In 5,000 years of tea drinking, tea bowls have changed very little in form across Asia. They are made predominantly of pottery, remain small in size and have no handles. While Europeans originally used tea ware imported from Japan and China, European porcelain makers would soon respond to complaints that tea drinkers were burning their fingers on tea bowls, and it was Robert Adams to whom the design of the handled teacup, saucer and teapot are attributed. His classical Greek and Roman designs became much sought-after.
Tea drinking dates back more than 5,000 years to ancient China, where it is said that Emperor Shen Nong embarked upon a long journey during which his court stopped to rest. Servants, boiling water for the emperor to drink, allowed leaves from a bush to fall into the pot, and seeing this, the emperor, a herbalist and scientist, drank it and found it refreshing. The practice of tea drinking quickly spread throughout the land. It was not, however, until Buddhist priest Yeisei, following a trip to China, returned to Japan with tea, that it was to be elevated to the art form that it still is there. It was not until the 1600s that the craze for tea would sweep through Europe.
The finest and most desirable teacups are made of porcelain of bone china. Porcelain is fired, then glazed and fired again, allowing for a very refined dish. Bone china is made similarly to porcelain, but finely ground bone ash is added to the clay. Stoneware and earthenware are also common in modern production, as it is cheaper and more durable for everyday use. The fineness of porcelain can be determined by holding a hand up to the light and holding a piece in front of it. If the outline of the fingers can be seen through the piece, it is a good indication of the quality of the porcelain.
Most porcelain and china manufacturers mark their wares with their own back stamps. These stamps often change every few years, and this helps collectors to date wares and attribute them to specific makers relatively easily. Tea wares stamped "Made in Occupied Japan" are difficult to find. At the end of World War II, the Allied Forces occupied Japan and insisted that all exports be stamped is this manner. The Japanese found this insulting, and, when they thought they could get away with it, stamped exports "Made in Japan." As a result, items stamped "Made in Occupied Japan" are rare and very desirable to collectors.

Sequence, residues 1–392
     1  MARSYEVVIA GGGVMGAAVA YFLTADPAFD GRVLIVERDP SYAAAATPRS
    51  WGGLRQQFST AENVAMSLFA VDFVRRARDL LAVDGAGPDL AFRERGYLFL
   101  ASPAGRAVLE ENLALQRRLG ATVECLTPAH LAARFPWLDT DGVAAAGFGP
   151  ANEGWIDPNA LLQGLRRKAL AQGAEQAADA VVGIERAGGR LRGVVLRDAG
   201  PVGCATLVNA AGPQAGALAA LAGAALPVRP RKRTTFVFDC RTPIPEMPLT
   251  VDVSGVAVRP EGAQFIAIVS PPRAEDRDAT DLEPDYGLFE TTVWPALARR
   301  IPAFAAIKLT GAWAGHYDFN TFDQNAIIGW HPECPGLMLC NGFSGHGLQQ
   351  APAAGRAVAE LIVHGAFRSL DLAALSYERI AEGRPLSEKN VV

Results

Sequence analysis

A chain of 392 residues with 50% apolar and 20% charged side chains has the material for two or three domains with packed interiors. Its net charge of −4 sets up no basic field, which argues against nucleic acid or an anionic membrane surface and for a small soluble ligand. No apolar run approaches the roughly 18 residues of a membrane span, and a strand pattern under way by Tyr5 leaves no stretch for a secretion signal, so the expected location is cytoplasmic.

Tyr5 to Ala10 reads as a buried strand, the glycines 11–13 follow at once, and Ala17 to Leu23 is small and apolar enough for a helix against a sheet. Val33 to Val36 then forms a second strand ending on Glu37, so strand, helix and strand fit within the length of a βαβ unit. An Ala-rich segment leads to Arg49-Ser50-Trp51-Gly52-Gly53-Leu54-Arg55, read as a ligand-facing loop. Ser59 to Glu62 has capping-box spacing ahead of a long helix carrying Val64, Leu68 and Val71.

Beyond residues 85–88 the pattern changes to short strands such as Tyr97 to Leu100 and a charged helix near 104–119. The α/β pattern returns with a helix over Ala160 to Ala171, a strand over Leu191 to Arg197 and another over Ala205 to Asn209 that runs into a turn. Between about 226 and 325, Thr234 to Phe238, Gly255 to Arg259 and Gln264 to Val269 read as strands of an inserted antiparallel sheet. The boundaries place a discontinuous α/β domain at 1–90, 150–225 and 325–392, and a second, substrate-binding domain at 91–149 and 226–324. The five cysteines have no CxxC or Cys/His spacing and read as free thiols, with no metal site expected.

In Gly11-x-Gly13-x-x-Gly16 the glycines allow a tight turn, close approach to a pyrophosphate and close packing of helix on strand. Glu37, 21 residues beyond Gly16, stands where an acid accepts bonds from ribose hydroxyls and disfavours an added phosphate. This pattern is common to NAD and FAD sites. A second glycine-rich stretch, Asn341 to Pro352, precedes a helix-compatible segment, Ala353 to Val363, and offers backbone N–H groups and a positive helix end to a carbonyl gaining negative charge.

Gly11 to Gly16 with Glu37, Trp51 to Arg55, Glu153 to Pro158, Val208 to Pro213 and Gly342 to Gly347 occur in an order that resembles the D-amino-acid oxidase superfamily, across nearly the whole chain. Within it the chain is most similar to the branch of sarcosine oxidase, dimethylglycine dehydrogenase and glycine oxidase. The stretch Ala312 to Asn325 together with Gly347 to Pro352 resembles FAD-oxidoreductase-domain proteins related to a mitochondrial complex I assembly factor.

Imari ware teacups are much sought-after. The center of the Japanese porcelain production is in Arita on the island of Kyushu. Imari is the nearest port to Arita, and it is Imari that has become a synonym for Japanese porcelain in general. Ko-Imari, as old Imari of the 1700s and 1800s is known, was copied widely. Original pieces are rare and particularly collectible for their fine artistry, distinctive five color glazes, and gold and silver embellishment. When valuing Imari, it is important to ensure that any gold and silver decoration is still intact; it frequently wears off with age. European makers such as Meissen and Royal Doulton should also be sought for their high quality.
Any antique is worth only as much as one person is prepared to pay for it, and like all antiques, teacups can sell at prices ranging from a few dollars to many thousands of dollars. To value specific teacups, it is necessary to consider varying factors including the condition of the pieces, the quality of the decoration, the maker, its popularity and its rarity. Collectors should also take into consideration the location of the pieces, the sophistication of the prospective buyer and the seller and the number of other interested parties.
- "Tea: East and West"; Rupert Faulkner; 2008
Holly Johns attained a graduate degree in communications from Oxford University in 1987, and started writing professionally shortly thereafter. She has more than 20 years of experience in journalism and public and media relations, and has been published widely in publications, including "The Guardian," "The Daily Mail," "U.S. Stars and Stripes," and "Time Out London."